In the second quarter of 2013, Malaysia’s economy continued to expand steadily, but at a far slower pace than in the past three years. The economy is impeded by slowing investments as well as tepid exports, with a persistent fiscal deficit compounding problems. While the government has begun to take a few measures to remedy the deficit, fundamental tax reforms are yet to be enacted. Due to these challenges, the country’s growth forecast for the full year has been lowered, even as rating agency Fitch has changed its outlook for Malaysia’s sovereign credit rating to “negative” from “stable.”
Exports and investments hold back growth
Malaysia’s real GDP expanded 4.3 percent year over year in Q2 2013, improving upon the 4.1 percent of Q1 2013. Growth was driven by an 8 percent increase in domestic consumption expenditure, which in turn was aided by populist measures, such as wage hikes for civil servants, ahead of the May elections. However, Q2 2013 economic performance fell short of the 5.6 percent GDP growth registered in the same period last year. The loss of pace over the past year is due to a sharp slowdown in fixed capital formation and a marked decline in exports. Fixed-capital formation growth skidded to 6 percent year over year in Q2 2013 from an astounding 26.2 percent in Q2 2012, as development expenditure by the government fell. Furthermore, exports shrank 5.2 percent, compared with 1.6 percent growth in the previous year, because of declining international demand, especially from China, Japan, United States, and European Union (together approximately 46 percent of total exports). Weaker export performance has weighed on the index of industrial production, which grew 3.7 percent year over year in Q2 2013, down from 4.9 percent a year ago.
The Bank Negara Malaysia (BNM) now projects GDP growth of 4.5–5.0 percent for the full year, lower than the previous target of 5–6 percent and the average annual growth rate of 6.1 percent achieved in the past three years. The economy is expected to be constrained largely by exports, which are estimated to increase only about 1 percent for the entire year. Slowing fixed investments, especially by the government, will also have an impact.
Worrisome current account and fiscal balance
Malaysia’s struggling exports are not just impeding growth; they are also denting the country’s current account balance. As imports have increased steadily to fulfill growing domestic demand and exports have lost steam, the country’s current account surplus has suffered. For example, in 2012 the surplus as a share of GDP fell to 6.1 percent, the lowest in 15 years. With the trade situation not expected to improve significantly this year, the surplus is expected to shrink further to 4.9 percent in 2013. Adding to the burden of Malaysia’s import bill is the country’s weakening currency. Following the US Federal Reserve’s May 2013 indication that it was gradually withdrawing its quantitative easing program, currencies across emerging markets, including Malaysia’s, have been adversely affected. The Malaysian ringgit has depreciated nearly 6 percent since May. The BNM, however, has not intervened aggressively and could continue relying on its ample foreign exchange reserves (nearly eight months’ import cover) to counter any sharp fluctuations in the ringgit.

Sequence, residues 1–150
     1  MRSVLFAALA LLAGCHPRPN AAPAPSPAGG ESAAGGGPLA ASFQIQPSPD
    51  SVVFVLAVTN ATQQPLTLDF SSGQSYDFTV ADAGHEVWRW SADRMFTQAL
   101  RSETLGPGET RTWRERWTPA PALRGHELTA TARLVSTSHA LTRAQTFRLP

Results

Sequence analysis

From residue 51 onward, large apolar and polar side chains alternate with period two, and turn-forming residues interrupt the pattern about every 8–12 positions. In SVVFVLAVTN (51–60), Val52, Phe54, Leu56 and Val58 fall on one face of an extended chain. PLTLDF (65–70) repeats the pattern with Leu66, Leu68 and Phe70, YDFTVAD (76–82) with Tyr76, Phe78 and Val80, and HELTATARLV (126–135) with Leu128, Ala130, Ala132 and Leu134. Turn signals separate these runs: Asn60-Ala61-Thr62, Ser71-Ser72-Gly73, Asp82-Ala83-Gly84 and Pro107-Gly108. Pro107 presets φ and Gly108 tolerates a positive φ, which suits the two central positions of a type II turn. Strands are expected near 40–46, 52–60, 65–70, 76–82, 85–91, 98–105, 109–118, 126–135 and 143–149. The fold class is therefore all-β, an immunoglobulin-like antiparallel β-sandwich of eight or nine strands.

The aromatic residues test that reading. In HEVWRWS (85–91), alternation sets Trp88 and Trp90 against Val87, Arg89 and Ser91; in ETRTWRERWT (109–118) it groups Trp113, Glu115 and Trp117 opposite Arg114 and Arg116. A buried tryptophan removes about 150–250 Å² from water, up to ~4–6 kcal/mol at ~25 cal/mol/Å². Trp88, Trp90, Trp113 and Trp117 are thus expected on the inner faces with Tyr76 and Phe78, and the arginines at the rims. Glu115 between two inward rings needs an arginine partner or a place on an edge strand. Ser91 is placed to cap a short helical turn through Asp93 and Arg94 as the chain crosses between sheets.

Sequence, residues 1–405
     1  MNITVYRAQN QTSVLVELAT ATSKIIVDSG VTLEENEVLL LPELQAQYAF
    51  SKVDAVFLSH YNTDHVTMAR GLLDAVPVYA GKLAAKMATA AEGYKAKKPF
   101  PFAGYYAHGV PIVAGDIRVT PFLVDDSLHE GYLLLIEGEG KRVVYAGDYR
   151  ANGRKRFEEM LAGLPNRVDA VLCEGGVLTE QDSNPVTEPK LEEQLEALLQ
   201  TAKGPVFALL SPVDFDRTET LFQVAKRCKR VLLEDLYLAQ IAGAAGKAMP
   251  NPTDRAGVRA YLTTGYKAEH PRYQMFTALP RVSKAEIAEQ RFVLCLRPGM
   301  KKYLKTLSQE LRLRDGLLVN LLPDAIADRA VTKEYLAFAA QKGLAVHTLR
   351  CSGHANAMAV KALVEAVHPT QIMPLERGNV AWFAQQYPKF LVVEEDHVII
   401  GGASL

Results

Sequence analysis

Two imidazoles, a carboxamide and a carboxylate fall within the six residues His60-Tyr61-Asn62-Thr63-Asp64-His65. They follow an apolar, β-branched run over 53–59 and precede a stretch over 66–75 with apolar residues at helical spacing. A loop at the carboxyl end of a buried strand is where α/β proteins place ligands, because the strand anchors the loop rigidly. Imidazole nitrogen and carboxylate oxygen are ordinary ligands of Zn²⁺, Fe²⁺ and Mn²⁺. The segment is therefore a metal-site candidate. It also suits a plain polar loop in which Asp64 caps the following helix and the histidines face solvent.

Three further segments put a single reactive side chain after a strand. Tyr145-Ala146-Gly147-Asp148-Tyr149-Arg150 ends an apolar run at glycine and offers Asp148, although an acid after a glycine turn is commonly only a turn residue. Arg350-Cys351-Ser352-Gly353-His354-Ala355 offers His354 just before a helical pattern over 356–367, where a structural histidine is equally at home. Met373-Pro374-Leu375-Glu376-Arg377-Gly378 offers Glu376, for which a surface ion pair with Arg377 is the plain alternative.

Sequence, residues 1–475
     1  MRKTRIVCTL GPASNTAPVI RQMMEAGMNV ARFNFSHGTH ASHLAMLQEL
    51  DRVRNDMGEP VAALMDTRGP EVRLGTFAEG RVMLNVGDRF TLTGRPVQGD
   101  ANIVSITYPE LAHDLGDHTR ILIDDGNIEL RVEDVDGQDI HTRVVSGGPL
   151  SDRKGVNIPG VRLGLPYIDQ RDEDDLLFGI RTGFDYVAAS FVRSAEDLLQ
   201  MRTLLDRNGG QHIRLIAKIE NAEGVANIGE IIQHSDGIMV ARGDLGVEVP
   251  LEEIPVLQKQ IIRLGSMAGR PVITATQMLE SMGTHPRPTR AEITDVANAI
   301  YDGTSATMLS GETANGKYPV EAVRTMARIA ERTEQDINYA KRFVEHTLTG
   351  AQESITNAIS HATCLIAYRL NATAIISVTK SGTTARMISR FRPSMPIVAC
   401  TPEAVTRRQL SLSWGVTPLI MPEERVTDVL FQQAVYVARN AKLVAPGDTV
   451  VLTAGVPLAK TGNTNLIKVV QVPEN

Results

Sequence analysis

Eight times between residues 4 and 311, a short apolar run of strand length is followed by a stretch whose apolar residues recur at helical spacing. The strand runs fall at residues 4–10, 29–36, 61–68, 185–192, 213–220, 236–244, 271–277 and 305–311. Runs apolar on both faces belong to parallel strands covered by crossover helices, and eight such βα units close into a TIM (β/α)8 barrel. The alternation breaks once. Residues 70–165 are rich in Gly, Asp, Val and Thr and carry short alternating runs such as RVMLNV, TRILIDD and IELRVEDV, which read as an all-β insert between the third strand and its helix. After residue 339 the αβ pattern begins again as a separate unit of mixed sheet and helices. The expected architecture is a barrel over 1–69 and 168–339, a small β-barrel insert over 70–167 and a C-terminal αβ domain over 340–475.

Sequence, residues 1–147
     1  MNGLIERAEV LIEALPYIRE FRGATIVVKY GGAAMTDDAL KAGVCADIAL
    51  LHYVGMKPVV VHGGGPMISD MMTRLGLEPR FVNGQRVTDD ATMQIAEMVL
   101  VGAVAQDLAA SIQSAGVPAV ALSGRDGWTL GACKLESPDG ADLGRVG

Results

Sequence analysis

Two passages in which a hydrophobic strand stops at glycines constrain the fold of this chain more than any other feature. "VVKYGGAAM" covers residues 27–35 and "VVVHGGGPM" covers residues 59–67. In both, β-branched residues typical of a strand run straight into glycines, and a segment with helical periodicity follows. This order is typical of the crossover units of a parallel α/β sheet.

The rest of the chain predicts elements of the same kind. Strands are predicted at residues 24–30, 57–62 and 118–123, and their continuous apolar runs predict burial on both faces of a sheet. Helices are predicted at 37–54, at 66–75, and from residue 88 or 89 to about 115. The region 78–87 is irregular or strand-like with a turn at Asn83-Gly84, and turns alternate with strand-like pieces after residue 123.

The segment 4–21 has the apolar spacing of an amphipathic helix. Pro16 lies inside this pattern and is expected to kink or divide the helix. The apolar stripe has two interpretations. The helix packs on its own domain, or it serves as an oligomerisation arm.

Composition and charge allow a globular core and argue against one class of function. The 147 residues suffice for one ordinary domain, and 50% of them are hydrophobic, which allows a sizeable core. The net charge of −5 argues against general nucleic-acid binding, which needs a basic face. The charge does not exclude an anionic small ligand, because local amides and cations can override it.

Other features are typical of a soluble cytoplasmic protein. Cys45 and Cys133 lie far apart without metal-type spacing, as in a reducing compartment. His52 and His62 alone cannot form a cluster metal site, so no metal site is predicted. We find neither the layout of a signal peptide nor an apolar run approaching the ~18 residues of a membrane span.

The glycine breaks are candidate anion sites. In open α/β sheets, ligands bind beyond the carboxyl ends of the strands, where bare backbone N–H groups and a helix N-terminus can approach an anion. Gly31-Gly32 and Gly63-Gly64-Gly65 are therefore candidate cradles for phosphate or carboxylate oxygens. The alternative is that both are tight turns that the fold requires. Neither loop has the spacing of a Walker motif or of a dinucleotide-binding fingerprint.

Meanwhile, Malaysia’s fiscal health is another concern. Malaysia’s public debt, standing at an 18-year high of 53.3 percent of GDP in 2012, is expected to rise further this year. Furthermore, the country faces a persistent budget deficit (4.5 percent of GDP in 2012), aggravated by years of subsidies and delays in reforms for expanding the tax base. Addressing the deficit has acquired urgency since July 2013, when credit rating agency Fitch lowered its outlook on Malaysian sovereign credit to “negative” from “stable,” due largely to the country’s fiscal health.
Malaysia’s public debt, standing at an 18-year high of 53.3 percent of GDP in 2012, is expected to rise further this year.
Steps to bolster fiscal health
With a view to narrow the budget gap, in September 2013 the government partially cut subsidies on petrol and diesel after more than two years. The cuts are expected to save approximately 3.3 billion ringgit a year: Malaysia spent nearly 24 billion ringgit, or 2.5 percent of its GDP, on fuel subsidies in 2012. In addition, the government may include a goods and services tax in its 2014 budget plan, which is to be proposed in October. This tax aims to increase the tax base and boost revenue, but has seen delays in implementation since 2011. Also, the government may defer some infrastructure spending this year to curb fiscal deficit. However, cuts in subsidies and infrastructure spending may have an adverse impact on growth in the short term by denting consumption and investment, the two pillars that have supported the economy in the face of waning exports.
Fine balancing act for the BNM
The Malaysian economy is currently facing several conflicting pressures, which require the BNM to take a balanced approach. Even though growth prospects may benefit from monetary easing, such a policy could strain the already struggling ringgit and worsen the country’s spiraling household debt. Household debt currently exceeds 83 percent of GDP, up from nearly 76 percent in 2010. To accommodate these various factors, the BNM has maintained its benchmark interest rate at 3 percent and is unlikely to hike the rate in the short term, especially with low inflation (under 2 percent). At the same time, the central bank established regulations in July to rein in household debt. The regulations include limiting the maximum duration for personal loans to 10 years and property loans to 35 years, as well as banning preapproved personal finance products.